From the creative team that brought you comedies such as "The Wedding Crashers", and Team Downey Production comes "The Judge". Robert Downey Jr, best know for his role as Tony Stark in the Ironman movies and Sherlock Holmes, returns to his roots, playing a character driven role. Robert has many fans now due to his roles in big blockbusters. However, he has always been, and will probably continue to be first and foremost a dramatic actor (i.e Chaplin, Kiss Kiss, Bang Bang). This is also the first movie produced by Robert's production company, of whom he created with his wife, Susan Downey. I had the privilege of attending a pre-screening of this movie in September, but decided against writing a full review so as to not spoil the movie for other fans who have been anticipating the movie since it was announced. The movie opened nationwide on the 10th of October. For those of you who have yet to have seen it, read no further as this review contains plot spoilers!
Robert plays Hank Palmer, a high flying legal eagle from Chicago who seems to have everything going for him. He is extremely good at what he does, and what he does is not always right! He will represents anyone for the money, even if the person is guilty. This of course does not go down well with his dad, Judge Joe Palmer (Robert Duvall), who presides over the small town of Carlinville, Indiana. During one of his court cases, Hank received a phone call informing him that his mother has passed away. So begins his long trip back to his roots (pun intended!) and his probable salvation. Apparently things are not as they seem. Hank is in the middle of an ugly divorce with his wife.
On his return, he is reunited with his elder brother, an ex MVP baseball player Glen (Vincent D'Onofrio) and his younger brother, Dale (Jeremy Strong), who is mentally challenged and documents everything with his vintage super 8mm. He will also have to face his estranged father once again. Old feelings are stirred up at the wake and Hank once again prepares to leave. One morning he goes in to fix the garage door his bumps when he discovers blood on the fender of his dad's old car. Police come a knocking and all too soon, honorable Judge Palmer is facing murder charges for a man he one convicted, but let off with a light sentence. This man would later go on to kill the girl he was convicted for. Hank decides to stay and defend his father after seeing that Judge Joe is too honorable to make the right decision to clear his name. He hires a bumbling small town lawyer (Dax Shepard) who is so nervous, he throws up everytime he is about to attend a hearing. To make matters worse, the other party hires Hank's rival Dwight Dickham, played to the hilt by Billy Bob Thornton. His Dwight is a scary lawyer and intimidates his opponents with a metal steel cup that retracts!
There are twist and turns to the movie and we discover that Judge Palmer has lapses in the memory from a therapy he is receiving for cancer. Hank tries to clear his dad's name with this knowledge in hand and in the process rediscovers himself, his old life in a small town where he was reckless growing up and destroyed his elder brother's career in professional baseball, when he crashes the car they are in. He also reacquaints himself with his old flame Samantha, played superbly by Vera Farmiga, and discovers he might have a daughter, Carla (Leighton Meester) whom he made out with!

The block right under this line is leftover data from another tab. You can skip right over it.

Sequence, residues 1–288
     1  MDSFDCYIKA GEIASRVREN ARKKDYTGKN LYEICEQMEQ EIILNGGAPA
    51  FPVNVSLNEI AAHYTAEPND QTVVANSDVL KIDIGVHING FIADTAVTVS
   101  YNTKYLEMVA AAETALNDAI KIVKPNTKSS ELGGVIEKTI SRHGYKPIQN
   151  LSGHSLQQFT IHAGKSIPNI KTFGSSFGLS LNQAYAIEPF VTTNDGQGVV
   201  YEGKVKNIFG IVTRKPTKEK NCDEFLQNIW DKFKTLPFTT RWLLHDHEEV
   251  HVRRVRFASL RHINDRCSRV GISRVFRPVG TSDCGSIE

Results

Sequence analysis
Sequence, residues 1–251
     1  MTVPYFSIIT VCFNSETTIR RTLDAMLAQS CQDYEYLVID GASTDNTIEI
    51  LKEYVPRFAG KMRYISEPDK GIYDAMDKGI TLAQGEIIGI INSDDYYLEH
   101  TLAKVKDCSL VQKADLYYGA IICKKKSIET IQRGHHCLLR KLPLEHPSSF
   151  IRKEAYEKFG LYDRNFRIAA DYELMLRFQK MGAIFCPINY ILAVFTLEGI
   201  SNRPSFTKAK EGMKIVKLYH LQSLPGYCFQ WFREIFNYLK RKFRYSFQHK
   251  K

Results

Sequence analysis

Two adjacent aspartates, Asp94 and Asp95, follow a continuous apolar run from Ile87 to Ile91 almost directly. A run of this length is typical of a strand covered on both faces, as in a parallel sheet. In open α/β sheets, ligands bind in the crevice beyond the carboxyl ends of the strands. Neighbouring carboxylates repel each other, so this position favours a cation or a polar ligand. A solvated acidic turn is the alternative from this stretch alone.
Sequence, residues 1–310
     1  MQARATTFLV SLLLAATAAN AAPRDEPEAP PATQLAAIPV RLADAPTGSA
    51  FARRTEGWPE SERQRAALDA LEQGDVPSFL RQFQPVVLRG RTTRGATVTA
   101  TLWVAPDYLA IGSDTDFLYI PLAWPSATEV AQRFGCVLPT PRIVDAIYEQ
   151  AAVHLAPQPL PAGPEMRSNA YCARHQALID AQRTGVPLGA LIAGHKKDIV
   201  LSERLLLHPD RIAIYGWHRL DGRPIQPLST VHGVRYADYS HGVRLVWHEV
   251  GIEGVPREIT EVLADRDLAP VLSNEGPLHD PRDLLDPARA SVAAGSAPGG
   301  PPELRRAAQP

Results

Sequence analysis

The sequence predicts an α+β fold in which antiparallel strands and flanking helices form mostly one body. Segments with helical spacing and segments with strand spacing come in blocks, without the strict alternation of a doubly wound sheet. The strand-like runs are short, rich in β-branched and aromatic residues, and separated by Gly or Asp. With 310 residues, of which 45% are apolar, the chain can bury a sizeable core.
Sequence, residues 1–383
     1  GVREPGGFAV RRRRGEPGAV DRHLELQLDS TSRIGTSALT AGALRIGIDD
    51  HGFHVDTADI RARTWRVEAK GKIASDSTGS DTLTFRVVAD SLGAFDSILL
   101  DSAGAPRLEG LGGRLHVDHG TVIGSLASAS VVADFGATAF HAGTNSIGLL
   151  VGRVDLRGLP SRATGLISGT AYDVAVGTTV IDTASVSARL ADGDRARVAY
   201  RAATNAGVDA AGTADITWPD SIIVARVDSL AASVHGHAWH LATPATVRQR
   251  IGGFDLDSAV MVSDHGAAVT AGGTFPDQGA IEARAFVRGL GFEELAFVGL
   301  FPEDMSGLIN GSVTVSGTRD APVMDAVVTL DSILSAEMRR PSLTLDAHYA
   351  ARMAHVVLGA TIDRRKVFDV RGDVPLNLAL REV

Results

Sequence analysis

This movie has many things going for it. While the "defend your honor" thing has been done to bits, and there are way too many courtroom drama's on TV and in the movies, this story grounds itself in that it explores the intricate relationship between one man and his father. There are some very powerful scenes in the movie that will cause you to reflect back on your own relationships with you parents, especially if things haven't been a bed of roses. The scenes that particularly stood out for me was the bathroom scene depicting a very sick and frail Judge Palmer, who refuses the help of his prodigal son Hank. This scene is also not for the faint of heart as it is very visceral and portrays life as it is, showing how an old and frail person loses control of his bodily functions. That being said, director David Dobkin's somehow managed to to make us smile by the end of the scene when Hank washes his dad up.
Yet another scene which stood out was the scene when Judge Palmer gets mad and goes flying out of the bombshelter under the house in the middle of a tornado (literally a metaphor for their stormy relationship!), with Hank running after him. They have a showdown in the kitchen as the wind whips around them exchanging verbal blows. Both scenes that would forever be etched in your memory. I would not be surprised if both Robert's receive nods for their roles in this movie!
If there is any negatives about this movie, it would have to be the running time of 2 hours and 21 minutes. Also the tone and pacing of the movie was a little choppy, but overall a great movie. Critics seem to somehow not like it (so what is new here!) I full recommend this movie. It tugs at the heartstrings and if you like me love vintage Robert in a human driven drama go see it NOW. Just remember to bring some Kleenex as it is an emotional ride!